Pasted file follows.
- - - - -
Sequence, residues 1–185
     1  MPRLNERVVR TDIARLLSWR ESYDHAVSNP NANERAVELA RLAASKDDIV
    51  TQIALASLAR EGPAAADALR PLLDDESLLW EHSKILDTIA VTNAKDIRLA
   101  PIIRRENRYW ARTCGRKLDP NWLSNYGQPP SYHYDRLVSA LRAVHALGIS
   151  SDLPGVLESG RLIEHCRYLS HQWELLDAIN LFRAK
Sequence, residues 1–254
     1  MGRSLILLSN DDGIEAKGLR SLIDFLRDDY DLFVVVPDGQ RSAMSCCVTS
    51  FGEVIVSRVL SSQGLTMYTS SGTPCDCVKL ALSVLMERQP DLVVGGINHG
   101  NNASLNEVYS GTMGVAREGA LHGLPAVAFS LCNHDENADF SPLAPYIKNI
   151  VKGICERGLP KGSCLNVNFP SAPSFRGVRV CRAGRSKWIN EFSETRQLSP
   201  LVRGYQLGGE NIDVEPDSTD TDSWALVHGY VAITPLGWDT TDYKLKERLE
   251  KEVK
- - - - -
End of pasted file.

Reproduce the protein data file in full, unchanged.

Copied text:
Sequence, residues 1–185
     1  MPRLNERVVR TDIARLLSWR ESYDHAVSNP NANERAVELA RLAASKDDIV
    51  TQIALASLAR EGPAAADALR PLLDDESLLW EHSKILDTIA VTNAKDIRLA
   101  PIIRRENRYW ARTCGRKLDP NWLSNYGQPP SYHYDRLVSA LRAVHALGIS
   151  SDLPGVLESG RLIEHCRYLS HQWELLDAIN LFRAK
Sequence, residues 1–254
     1  MGRSLILLSN DDGIEAKGLR SLIDFLRDDY DLFVVVPDGQ RSAMSCCVTS
    51  FGEVIVSRVL SSQGLTMYTS SGTPCDCVKL ALSVLMERQP DLVVGGINHG
   101  NNASLNEVYS GTMGVAREGA LHGLPAVAFS LCNHDENADF SPLAPYIKNI
   151  VKGICERGLP KGSCLNVNFP SAPSFRGVRV CRAGRSKWIN EFSETRQLSP
   201  LVRGYQLGGE NIDVEPDSTD TDSWALVHGY VAITPLGWDT TDYKLKERLE
   251  KEVK